HI Pump FAQs March 2007


Written by:
Hydraulic Institute

Pumps & Systems, March 2007

Q.

What are the key requirements for good suction piping design for rotodynamic pumps?

A.  

Good suction piping design must eliminate air entrainment in the liquid, minimize friction loss, provide straight and uniform flow at the pump inlet and avoid excessive forces due to pipe strains at the pump.

Inlet flow disturbances, such as swirl, unbalance in the distribution of velocities and pressures, and sudden variations in velocity, can be harmful to the hydraulic performance of a pump, its mechanical behavior, and its reliability. Usually the higher the energy level and specific speed of a pump, and the lower the NPSH margin, the more sensitive the pump's performance is to suction conditions.

All inlet (suction) fitting joints should be tight, especially when the pressure in the piping is below atmospheric, to preclude air leaking into the fluid. Any valves in the inlet (suction) line should be installed with stems horizontal to eliminate the possibility of air accumulation. For pumps operating with a suction lift, the inlet (suction) line should slope constantly upwards toward the pump, with a minimum slope of 1 percent.

In general, as liquid travels through a piping network, entrained air tends to rise to the highest point. If the pipeline slopes upward, then the velocity of the liquid will move the air bubbles towards this high point. In contrast, if the pipeline is fairly flat and the inside surface of the pipe is very rough, or the pipeline slopes downward, the fluid velocity may not be sufficient to keep the air bubbles moving. As a consequence, it is possible for a pocket of air to collect at high points and gradually reduce the effective liquid flow area, which can create a throttling effect similar to a partially closed valve. 

The suction pipe should be at least as large as the pump suction nozzle. Valves and other flow-disturbing fittings located in pump inlet (suction) piping should be at least one pipe size larger than the pump inlet (suction) nozzle, with the exception of continuous-bore, 100 percent open valves (such as full-ported ball valves). The maximum velocity at any point in the inlet (suction) piping is 8-ft/s. For fluids close to the vapor pressure, the velocity must be kept low enough to avoid flashing (cavitation) of the liquid in the piping, especially when fittings are present.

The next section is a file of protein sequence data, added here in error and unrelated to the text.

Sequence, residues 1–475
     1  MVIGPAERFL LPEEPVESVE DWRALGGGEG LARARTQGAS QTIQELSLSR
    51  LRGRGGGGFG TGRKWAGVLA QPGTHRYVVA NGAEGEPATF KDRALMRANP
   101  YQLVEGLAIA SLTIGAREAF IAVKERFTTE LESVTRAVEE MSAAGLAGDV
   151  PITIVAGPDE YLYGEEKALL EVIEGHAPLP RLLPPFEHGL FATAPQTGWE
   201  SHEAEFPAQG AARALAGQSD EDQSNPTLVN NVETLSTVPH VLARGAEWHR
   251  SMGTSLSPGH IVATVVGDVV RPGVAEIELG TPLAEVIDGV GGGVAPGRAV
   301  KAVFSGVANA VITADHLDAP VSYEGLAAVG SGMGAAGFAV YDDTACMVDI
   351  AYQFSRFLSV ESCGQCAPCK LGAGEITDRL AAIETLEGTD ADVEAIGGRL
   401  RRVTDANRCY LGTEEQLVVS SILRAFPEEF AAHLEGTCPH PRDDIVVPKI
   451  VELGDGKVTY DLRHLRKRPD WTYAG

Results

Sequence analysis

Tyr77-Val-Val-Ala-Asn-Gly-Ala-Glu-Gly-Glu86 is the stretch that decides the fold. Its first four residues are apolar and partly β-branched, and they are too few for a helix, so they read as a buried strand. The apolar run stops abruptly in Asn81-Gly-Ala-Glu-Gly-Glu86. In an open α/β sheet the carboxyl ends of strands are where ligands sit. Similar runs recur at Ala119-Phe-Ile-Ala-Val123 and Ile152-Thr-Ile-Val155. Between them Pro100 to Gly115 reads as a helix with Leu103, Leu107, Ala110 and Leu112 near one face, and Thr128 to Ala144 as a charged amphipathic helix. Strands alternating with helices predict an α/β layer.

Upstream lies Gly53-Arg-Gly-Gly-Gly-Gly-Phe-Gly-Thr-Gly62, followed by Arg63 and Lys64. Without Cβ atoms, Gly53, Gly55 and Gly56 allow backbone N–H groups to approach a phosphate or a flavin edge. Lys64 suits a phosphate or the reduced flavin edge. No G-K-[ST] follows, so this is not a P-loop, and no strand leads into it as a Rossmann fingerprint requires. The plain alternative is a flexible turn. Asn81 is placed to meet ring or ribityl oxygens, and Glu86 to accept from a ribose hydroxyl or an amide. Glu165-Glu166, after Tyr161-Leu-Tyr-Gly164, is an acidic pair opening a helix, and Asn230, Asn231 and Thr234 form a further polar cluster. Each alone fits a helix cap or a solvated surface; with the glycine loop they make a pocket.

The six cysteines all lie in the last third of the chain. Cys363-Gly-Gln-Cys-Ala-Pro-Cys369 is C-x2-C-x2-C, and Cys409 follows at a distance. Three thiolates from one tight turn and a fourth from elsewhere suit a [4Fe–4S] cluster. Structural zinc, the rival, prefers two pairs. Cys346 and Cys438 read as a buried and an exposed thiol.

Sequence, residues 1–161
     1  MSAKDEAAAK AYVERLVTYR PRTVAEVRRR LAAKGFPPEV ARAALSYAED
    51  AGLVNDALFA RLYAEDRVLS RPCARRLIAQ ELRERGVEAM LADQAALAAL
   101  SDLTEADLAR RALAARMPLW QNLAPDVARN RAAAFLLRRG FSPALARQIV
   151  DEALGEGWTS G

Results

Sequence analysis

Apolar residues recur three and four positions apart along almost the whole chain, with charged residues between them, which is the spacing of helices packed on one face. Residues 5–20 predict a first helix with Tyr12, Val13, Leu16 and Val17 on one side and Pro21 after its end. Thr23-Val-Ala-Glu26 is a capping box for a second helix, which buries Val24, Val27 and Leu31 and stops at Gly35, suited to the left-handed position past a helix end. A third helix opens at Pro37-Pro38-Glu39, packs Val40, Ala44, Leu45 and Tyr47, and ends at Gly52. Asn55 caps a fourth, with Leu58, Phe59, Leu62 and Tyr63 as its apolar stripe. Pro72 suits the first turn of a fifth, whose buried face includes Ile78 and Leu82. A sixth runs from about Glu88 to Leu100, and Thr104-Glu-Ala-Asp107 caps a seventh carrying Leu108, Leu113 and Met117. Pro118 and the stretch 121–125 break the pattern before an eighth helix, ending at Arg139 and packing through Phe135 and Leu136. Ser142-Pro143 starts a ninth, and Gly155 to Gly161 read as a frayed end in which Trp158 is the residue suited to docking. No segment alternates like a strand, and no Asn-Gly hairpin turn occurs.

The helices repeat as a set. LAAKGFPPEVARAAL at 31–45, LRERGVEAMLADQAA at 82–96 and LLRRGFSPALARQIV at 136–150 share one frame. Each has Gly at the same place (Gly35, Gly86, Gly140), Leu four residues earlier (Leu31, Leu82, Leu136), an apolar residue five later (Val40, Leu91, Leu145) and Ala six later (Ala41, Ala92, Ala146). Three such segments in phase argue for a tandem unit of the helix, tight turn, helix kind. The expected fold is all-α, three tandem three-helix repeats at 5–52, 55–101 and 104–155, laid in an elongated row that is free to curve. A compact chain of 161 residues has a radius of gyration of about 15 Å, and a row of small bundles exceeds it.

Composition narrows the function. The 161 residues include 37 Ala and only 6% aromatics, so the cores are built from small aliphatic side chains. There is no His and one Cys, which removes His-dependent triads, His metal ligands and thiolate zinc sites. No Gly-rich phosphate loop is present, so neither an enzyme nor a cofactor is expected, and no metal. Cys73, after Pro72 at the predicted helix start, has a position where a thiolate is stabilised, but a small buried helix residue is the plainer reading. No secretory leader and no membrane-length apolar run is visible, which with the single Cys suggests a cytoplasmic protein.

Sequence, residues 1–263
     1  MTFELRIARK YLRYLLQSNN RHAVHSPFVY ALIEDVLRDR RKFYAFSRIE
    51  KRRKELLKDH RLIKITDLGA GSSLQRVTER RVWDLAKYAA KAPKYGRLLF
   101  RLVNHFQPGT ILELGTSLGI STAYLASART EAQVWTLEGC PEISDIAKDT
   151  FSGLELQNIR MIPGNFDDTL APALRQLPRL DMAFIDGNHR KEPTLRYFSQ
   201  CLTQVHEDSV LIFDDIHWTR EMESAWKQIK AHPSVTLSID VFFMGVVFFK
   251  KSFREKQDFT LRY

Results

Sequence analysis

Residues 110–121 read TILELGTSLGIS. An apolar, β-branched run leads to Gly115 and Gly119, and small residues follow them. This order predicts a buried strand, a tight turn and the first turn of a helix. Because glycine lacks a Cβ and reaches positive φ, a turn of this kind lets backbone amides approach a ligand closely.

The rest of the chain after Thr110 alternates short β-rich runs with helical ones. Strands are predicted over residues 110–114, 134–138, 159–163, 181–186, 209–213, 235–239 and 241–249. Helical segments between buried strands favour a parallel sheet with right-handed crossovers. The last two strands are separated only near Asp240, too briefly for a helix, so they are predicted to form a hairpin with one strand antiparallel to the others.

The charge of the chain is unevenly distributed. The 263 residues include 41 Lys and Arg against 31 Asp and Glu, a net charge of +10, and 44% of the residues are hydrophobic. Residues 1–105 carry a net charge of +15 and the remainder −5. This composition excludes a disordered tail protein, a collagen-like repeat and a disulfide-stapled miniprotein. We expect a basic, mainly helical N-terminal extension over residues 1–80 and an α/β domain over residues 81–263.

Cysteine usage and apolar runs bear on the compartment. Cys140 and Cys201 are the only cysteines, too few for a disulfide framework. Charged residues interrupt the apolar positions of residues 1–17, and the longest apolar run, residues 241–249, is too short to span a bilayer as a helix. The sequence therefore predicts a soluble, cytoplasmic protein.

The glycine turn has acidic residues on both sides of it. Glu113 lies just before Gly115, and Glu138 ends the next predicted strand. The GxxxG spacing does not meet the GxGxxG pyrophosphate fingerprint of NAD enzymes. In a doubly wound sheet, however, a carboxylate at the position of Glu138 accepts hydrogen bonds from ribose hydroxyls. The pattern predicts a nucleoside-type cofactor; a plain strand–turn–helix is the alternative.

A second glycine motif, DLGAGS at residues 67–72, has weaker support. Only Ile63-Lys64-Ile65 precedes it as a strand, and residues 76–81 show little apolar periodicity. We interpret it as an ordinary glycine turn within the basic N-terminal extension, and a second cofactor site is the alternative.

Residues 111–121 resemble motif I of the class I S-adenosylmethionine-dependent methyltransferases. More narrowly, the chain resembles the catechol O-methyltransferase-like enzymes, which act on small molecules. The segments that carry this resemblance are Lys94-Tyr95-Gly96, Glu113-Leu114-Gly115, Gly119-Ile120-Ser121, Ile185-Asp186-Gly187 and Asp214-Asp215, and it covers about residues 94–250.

The most disturbing flow patterns to a pump are those that result from swirling liquid that has traversed several changes of direction in various planes. Liquid in the inlet (suction) pipe should approach the pump in a state of straight steady flow. When fittings, such as tees and elbows (especially two elbows at right angles), are located too close to the pump inlet (suction), a spinning action, or swirl, is induced. This swirl may adversely affect pump performance by reducing efficiency, head, and NPSH available, and potentially causing noise, vibration, and damage. It is therefore recommended that a single uninterrupted section of pipe be installed between the pump and the nearest fitting to allow the flow to straighten itself.

The suction pipe design must also be designed and built to minimize forces or stains on the pump suction nozzle. The pump must not be used as an anchor to close gaps due to construction errors or to withstand forces from pipe expansion due to temperature changes during operation. See HI Standard ANSI/HI 9.6.2 Centrifugal and Vertical Pumps for Allowable Nozzle Loads.           

Q.

What are the minimum requirements for pumps to be used in boiler feed service?

A.

The type of boiler feed pump required by a generating plant is determined by the maximum boiler flow (capacity), the suction conditions (NPSHA), total pressure (head) required to be generated, and the operating temperature.

For low flow, low-pressure boiler feed systems, it may be possible to fulfill flow and head requirements with a single stage pump. In most cases, pressure (head) requirements are such that multistage pumps are necessary. In these cases, the pump can be one of several types and construction:

  • Low- to medium-pressure/temperature systems may require a pump of ring-section construction, where the individual stages are made up of impellers and segmental rings (or casing sections, which include collectors to lead the flow from one stage to another), held together with tie rods. End heads contain the pump suction and discharge nozzles (see Figure 1.21 in ANSI/HI 1.1-1.2[Hyd Inst1] ).

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  • Medium-pressure/temperature systems may require axially split or ring-section pumps. Axially split pumps, unlike the ring-section pumps described above, may be of either back-to-back or in-line impeller construction and use cast casings, the lower half of which contains the pump suction and discharge nozzles. These pumps can be of either diffuser or volute construction. A back-to-back impeller pump design with volute construction is shown in Figure 1.20 in ANSI/HI 1.1-1.2[Hyd Inst2].

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